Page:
Neither press problems nor fire stopped Sentinel since 1893

The Daily Sentinel has again retained its proud record of never missing a day of publication.

Events last Sunday in which the newspaper had to be published by the Montrose Daily Press because of electrical problems with the Sentinel’s press brought back starkly the day the Sentinel pressroom caught on fire on Tuesday, April 9, 1974.

My husband, Teddy, and I were working at The Daily Sentinel then and had gone to see the movie “The Sting” that night. As we came out of the theater, we could see the sky in the south part of town was glowing red.

We weren’t sure what was ablaze, but we knew the fire was somewhere in the neighborhood of the Sentinel.

We got in our car and drove over the Fifth Street viaduct to see what was burning. We couldn’t get down Seventh Street because, of course, the street was blocked off.

Our hearts sank when we saw that it was Mesa Flour Mill, the Sentinel and surrounding buildings that were causing the glow in the sky.

The high winds we were experiencing were fanning the flames. Embers from the fire were being carried in the wind as far north as our home at North Seventh Street and Ouray Avenue.

The radio was warning people within the downtown area to have their garden hoses ready in case our roofs caught on fire. So we went home and dragged out our garden hoses in case we needed them. Fortunately, we never had to use them.

We waited by the phone for word from someone at the Sentinel to tell us what the next step would be. The call came late that night telling us that we should report for work as usual the next morning.

Both of us breathed sighs of relief.

The local TV station was reporting the death of the Sentinel. They reported that the Sentinel wasn’t going to be able to publish a paper because the pressroom was on fire, and the press would be a heap of melted metal once the fire was out.

The next morning as we headed south on Seventh toward the Sentinel, we were flagged down at the corner of Seventh and Main. As a member of the production crew, I was to go to a building on the north side of Main in the 600 block, across the alley from the Sentinel’s previous location. Teddy, a member of the pressroom crew, was to continue to the Sentinel building on South Seventh Street.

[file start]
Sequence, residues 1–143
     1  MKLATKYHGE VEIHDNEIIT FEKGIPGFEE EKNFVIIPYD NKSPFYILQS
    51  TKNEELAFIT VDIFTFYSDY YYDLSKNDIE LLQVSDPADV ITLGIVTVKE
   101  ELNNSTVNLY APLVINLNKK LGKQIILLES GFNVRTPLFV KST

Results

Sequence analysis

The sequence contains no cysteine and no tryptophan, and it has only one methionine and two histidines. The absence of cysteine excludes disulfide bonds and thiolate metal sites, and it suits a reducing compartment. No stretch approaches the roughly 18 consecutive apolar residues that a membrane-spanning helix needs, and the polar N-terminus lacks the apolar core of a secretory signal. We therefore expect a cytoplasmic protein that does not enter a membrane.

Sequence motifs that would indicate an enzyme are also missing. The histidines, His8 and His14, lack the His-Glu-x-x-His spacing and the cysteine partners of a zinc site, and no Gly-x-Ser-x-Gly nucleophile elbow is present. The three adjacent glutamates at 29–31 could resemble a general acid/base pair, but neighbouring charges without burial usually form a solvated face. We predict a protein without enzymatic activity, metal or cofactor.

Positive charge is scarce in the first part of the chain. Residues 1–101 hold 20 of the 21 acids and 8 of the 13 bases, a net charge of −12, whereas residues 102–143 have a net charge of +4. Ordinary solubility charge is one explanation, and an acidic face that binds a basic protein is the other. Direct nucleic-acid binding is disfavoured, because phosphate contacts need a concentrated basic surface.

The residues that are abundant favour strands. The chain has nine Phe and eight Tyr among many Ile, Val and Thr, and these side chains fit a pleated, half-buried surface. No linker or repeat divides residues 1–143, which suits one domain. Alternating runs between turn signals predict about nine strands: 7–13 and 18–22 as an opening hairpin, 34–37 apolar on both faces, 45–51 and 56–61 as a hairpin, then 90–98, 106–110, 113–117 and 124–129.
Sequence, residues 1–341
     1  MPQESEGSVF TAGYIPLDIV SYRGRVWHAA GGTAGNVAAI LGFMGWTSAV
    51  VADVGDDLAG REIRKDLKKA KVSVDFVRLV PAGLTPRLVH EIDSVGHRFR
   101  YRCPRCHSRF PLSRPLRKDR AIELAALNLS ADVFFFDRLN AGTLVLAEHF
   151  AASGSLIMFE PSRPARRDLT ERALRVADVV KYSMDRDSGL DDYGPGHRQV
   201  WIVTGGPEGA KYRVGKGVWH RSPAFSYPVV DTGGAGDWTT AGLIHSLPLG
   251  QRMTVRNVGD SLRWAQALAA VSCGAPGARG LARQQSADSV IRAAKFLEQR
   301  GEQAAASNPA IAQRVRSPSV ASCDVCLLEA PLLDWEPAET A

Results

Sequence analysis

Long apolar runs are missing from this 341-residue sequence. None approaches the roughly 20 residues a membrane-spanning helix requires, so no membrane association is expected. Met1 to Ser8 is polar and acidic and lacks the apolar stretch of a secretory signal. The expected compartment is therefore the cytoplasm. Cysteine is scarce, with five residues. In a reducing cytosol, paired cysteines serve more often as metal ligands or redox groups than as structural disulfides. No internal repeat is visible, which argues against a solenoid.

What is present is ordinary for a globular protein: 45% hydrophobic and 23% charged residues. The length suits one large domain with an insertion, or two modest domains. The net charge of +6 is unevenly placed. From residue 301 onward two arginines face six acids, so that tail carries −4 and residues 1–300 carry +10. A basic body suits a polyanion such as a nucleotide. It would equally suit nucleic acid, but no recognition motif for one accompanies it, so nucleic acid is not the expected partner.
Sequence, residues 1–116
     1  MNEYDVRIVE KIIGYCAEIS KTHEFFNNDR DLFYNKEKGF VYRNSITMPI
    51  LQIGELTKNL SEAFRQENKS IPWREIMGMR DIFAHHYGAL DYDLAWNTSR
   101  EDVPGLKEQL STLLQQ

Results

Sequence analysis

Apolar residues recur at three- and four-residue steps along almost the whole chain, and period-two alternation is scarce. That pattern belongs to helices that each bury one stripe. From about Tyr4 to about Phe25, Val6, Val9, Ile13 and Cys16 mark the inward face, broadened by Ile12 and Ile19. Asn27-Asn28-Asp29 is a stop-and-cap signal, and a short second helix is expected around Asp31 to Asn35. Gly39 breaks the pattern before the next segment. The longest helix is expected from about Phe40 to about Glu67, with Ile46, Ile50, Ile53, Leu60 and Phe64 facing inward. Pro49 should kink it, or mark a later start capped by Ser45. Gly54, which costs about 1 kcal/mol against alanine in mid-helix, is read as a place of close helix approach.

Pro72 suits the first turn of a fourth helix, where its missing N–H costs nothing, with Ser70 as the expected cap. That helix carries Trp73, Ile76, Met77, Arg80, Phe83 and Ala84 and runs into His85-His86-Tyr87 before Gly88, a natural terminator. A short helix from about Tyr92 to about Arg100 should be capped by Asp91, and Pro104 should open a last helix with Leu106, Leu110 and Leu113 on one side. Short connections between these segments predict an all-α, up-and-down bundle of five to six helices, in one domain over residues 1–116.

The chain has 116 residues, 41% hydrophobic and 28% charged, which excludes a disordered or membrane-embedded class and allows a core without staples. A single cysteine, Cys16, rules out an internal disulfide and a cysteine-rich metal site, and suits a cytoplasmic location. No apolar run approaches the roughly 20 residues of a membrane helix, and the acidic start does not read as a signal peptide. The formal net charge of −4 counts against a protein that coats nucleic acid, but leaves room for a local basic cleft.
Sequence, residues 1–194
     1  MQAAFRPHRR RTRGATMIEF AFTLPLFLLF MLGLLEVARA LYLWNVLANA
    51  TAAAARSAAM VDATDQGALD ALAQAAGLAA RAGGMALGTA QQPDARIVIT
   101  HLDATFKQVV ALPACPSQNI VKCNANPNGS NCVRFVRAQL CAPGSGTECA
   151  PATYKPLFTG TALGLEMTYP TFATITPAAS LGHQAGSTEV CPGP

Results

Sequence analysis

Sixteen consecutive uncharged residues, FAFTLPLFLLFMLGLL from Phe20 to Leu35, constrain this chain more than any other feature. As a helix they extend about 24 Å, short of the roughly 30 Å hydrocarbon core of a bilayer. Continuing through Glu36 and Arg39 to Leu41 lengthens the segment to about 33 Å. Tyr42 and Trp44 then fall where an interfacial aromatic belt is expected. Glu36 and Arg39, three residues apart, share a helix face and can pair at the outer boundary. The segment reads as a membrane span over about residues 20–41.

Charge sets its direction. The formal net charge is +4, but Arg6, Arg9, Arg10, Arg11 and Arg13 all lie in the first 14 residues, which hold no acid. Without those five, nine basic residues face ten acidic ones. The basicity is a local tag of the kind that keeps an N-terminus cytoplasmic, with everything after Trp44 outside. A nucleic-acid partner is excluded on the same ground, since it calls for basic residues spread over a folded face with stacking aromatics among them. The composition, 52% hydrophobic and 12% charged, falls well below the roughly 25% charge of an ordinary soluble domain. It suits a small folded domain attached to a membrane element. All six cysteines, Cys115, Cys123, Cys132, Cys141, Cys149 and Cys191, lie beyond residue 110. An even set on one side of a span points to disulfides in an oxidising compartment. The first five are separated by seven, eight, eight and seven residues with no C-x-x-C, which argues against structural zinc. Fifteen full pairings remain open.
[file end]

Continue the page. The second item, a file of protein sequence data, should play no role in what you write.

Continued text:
The upstairs of the building on Main was abuzz with composing room employees being directed by the publisher’s secretary, Marion Fletcher, telling us what we were to do.

Someone — I don’t know who — had gathered all the electric typewriters from the Sentinel and had taken them to the building on Main Street.

Reporters were operating out of the Sentinel newsroom, where bare light bulbs on drop cords hung over their desks as they worked on manual typewriters. After a reporter finished a story, an editor looked it over and sent it to the Main Street building where we typed it on the electric typewriters.

Meanwhile, Teddy and the other pressmen were waiting at the Sentinel for the pages we typed. When they got the pages, they made page plates and then they were on their way to Glenwood Springs, where the paper was printed that day and for the next six weeks.

The Wednesday afternoon paper came out on time, although it looked nothing like the Sentinel subscribers were used to. But no doubt it was one paper that many people saved as part of our history.

What brought back this flood of memories was that Teddy wanted to drive by the Sentinel on Sunday afternoon to see if the paper was printed yet.

Sentinel Publisher Jay Seaton was standing by the dock, and he took time to answer Teddy’s questions.

Jay told us how all the newspaper employees had come together to make sure the Sentinel didn’t miss a day of publication, and it reminded me how all the Sentinel family pitched in after the 1974 fire.

As Mark Twain said of erroneous reports on his own demise, the death of The Daily Sentinel was “greatly exaggerated” by television. To me, the Sentinel remains the best record of the history of the Grand Valley and I am elated that it has yet to miss a day of publication.

Kathy Jordan is retired from The Daily Sentinel. She is involved in many local preservation efforts and is on the board of directors for Colorado Preservation Inc.

 

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734 S. Seventh St.
Grand Junction, CO 81501
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